Home > Leighton review could see Thiess and John Holland sold, merged

Leighton review could see Thiess and John Holland sold, merged

Editorial
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Leighton Holdings’ majority shareholder is considering whether to merge or ditch business arms John Holland and Thiess amid a major shake-up at the company.

Hochtief, which has increased its share in Leighton from 58.77 per cent to almost 75 per cent, said it was undertaking a review of the company which would also lead to job losses.

'As a result of the general review by Leighton already under way, some employees may become redundant,'' Hochtief said in its bidder's statement.

Shares in the company have fallen sharply as investors worry about the construction giant’s future amid lower dividend speculation and more than $5 billion in debts.

Hochtief has also flagged plans to change the structure of the business model of Leghton’s five companies.

Hochtief said the review could alter the way Leighton Contractors, Thiess, John Holland, Leighton Asia, India and Offshore and Leighton Properties are managed and change ''the number and functions of employees'' as divestments of assets and businesses are looked in to.

Last week, Leighton axed chief executive Hamish Tyrwhitt and chief financial officer Peter Gregg, in line with Hochtief's request to change Leighton's management and board.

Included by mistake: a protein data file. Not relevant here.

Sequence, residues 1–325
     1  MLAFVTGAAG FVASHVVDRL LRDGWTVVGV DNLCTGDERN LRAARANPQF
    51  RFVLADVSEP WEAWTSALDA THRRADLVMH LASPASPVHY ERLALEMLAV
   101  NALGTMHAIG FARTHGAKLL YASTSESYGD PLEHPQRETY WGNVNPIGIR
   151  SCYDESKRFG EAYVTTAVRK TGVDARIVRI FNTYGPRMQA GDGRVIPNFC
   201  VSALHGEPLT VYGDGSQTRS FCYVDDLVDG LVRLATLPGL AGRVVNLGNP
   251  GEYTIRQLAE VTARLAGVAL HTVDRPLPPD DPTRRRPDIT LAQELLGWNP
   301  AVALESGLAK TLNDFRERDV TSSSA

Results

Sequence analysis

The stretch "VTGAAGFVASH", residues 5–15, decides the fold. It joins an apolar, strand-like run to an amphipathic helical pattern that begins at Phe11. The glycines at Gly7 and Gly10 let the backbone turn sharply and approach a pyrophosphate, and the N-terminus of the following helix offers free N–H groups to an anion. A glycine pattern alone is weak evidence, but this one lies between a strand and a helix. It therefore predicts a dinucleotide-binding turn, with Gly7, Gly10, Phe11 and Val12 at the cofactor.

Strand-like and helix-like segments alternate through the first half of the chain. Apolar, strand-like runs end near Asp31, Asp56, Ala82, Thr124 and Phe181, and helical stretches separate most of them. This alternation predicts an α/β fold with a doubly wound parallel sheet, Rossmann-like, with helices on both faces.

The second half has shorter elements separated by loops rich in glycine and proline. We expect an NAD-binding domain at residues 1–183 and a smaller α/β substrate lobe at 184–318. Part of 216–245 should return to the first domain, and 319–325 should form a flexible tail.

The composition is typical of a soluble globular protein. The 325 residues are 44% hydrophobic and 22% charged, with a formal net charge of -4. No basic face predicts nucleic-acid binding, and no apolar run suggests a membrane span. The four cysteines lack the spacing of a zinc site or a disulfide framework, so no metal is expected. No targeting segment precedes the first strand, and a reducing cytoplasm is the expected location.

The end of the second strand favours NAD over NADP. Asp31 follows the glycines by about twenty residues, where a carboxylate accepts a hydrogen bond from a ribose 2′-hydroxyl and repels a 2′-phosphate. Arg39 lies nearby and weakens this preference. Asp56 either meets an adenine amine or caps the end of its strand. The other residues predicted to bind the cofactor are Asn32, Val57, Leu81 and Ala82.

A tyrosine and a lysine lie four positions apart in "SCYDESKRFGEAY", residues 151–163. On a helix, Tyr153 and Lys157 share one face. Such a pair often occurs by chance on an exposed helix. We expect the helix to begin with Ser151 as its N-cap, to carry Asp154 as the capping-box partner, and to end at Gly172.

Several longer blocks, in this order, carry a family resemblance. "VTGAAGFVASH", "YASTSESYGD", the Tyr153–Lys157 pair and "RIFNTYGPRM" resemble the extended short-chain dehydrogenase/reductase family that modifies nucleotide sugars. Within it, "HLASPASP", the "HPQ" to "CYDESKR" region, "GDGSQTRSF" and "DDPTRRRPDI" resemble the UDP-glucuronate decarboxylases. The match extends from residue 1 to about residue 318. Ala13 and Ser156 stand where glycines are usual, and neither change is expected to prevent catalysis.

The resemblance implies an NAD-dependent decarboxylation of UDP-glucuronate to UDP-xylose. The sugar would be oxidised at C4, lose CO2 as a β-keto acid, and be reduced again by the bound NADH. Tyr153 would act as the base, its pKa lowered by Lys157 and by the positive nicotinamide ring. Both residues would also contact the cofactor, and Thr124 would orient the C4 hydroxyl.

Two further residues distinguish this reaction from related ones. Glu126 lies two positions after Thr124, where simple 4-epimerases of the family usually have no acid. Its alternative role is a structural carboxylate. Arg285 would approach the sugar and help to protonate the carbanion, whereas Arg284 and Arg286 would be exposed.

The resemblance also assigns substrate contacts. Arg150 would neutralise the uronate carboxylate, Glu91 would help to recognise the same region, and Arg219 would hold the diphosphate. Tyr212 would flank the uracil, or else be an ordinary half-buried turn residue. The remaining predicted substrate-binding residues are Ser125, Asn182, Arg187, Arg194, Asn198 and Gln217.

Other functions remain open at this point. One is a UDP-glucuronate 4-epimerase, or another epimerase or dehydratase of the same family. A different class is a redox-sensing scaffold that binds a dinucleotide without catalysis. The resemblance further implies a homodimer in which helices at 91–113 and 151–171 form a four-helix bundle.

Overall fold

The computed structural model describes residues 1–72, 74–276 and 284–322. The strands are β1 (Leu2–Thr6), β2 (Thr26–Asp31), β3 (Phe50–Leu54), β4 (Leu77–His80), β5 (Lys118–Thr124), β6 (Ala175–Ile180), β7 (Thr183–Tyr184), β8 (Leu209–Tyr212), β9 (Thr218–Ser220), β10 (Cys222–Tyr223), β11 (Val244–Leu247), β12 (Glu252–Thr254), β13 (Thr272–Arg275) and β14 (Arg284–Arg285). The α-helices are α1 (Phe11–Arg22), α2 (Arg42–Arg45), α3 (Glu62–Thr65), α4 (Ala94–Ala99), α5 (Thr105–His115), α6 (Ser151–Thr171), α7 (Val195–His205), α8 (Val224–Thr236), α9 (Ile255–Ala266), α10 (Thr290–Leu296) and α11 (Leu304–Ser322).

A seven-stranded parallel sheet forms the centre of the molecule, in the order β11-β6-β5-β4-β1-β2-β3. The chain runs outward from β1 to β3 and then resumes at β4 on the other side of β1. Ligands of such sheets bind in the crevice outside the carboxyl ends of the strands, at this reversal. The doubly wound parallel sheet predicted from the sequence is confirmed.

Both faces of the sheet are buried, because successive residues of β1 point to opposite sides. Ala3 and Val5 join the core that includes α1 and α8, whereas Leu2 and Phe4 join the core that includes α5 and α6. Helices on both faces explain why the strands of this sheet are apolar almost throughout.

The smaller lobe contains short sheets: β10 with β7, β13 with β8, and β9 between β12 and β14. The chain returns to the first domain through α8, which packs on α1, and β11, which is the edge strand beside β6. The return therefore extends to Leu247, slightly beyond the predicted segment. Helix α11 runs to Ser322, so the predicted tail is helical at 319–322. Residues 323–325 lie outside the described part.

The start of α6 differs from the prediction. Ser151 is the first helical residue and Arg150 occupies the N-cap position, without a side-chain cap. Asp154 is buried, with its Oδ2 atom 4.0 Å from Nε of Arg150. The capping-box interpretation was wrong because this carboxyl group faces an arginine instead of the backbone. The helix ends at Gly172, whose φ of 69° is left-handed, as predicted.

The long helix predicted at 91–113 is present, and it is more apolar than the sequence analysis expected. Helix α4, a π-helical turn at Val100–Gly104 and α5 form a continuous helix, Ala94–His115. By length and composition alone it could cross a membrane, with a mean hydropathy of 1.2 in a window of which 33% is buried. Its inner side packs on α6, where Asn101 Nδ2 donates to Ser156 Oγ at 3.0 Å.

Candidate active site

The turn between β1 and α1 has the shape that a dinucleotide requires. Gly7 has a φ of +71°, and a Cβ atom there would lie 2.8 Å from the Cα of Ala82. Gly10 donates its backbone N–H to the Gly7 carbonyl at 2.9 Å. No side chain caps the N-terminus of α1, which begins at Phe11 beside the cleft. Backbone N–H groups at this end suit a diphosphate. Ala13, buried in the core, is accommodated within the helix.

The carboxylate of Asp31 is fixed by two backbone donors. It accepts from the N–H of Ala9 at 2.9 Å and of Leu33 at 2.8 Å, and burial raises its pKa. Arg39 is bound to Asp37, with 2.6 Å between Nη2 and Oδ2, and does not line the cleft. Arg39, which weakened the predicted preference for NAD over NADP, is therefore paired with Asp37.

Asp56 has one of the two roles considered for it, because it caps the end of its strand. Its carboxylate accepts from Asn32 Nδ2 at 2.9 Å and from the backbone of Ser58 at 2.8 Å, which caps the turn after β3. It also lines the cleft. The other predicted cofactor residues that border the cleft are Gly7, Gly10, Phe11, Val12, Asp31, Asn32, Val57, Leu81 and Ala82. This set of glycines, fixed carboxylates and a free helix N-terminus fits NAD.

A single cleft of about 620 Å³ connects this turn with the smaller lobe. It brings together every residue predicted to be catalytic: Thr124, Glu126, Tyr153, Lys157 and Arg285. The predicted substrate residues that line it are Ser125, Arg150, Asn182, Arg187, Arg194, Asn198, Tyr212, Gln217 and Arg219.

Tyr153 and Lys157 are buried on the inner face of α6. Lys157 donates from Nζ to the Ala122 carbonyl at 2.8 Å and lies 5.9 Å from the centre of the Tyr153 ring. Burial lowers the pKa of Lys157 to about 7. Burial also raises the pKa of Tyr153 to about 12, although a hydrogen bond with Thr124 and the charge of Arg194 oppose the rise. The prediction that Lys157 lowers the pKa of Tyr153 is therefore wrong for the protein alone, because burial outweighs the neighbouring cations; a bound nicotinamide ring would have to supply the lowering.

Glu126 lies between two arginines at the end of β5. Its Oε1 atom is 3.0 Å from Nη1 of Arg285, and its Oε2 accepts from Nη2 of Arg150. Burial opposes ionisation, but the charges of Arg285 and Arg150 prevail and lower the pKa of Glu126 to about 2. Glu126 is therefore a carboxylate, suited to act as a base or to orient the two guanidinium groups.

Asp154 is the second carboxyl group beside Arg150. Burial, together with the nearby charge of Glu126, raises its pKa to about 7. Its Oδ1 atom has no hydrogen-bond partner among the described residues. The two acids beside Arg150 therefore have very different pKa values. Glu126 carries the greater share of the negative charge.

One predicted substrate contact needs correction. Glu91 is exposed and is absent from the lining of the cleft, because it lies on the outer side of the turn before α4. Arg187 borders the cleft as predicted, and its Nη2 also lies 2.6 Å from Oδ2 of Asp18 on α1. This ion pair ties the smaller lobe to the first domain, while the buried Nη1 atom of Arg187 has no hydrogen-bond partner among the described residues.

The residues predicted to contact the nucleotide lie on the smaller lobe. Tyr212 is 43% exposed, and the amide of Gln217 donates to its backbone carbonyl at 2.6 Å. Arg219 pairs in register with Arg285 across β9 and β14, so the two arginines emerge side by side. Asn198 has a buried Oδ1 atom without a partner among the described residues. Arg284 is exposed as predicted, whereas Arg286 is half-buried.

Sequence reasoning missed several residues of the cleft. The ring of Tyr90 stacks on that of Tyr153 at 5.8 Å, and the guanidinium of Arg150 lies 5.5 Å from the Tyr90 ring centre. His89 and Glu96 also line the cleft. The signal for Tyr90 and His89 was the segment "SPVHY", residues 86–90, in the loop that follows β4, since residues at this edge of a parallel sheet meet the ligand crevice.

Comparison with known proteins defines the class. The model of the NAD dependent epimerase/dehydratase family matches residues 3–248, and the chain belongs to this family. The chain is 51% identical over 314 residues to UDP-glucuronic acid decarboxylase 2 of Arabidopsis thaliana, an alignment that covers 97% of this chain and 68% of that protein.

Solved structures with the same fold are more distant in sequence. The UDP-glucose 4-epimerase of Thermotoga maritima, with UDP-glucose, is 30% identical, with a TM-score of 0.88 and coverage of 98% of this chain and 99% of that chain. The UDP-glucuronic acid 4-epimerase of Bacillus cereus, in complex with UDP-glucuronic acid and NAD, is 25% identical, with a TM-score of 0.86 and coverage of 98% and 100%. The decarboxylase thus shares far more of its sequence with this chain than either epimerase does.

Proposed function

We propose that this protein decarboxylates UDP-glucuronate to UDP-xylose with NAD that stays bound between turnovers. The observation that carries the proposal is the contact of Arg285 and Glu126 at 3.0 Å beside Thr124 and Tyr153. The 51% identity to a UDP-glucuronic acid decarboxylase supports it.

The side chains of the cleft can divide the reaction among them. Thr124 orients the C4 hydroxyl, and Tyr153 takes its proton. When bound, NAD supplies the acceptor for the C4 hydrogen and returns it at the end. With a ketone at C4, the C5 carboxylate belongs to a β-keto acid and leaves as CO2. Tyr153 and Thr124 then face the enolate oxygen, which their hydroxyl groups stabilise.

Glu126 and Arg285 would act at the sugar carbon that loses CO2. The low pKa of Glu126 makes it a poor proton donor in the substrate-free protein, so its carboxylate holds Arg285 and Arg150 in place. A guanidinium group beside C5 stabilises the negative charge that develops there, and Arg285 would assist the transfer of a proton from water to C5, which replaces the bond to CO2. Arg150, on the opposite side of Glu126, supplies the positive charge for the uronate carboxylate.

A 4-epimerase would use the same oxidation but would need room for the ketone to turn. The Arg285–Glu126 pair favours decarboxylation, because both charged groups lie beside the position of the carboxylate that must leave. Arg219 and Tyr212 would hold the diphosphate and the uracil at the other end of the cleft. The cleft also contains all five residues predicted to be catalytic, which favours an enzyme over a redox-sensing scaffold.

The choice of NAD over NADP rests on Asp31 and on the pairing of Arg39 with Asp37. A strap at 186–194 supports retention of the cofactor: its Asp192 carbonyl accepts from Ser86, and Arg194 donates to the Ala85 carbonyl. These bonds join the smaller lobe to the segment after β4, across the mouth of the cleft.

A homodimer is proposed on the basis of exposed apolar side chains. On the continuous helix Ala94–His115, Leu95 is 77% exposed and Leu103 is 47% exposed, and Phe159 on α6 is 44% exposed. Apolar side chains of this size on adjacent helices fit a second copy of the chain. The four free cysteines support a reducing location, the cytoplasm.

Tyrwhitt has been replaced by Hochtief chief executive Marcelino Fernandez Verdes as the company undertakes a review.

Spanish construction group ACS owns more than 50 per cent of Hochtief and is aiming to create a streamlined global company.

It has previously stated that Leighton businesses such as Thiess, John Holland and Leighton Contractors could be "more efficiently structured."

According to SMH, former Leighton executives have raised fears that Hochtief will aggressively reshape the company and sell well-known assets.

Predictions are that the company will replicate its operating structure in Germany, and carve Leighton into new divisions such as mining, infrastructure and services.

The general review of Leighton is expected to be completed by the end of 2014.

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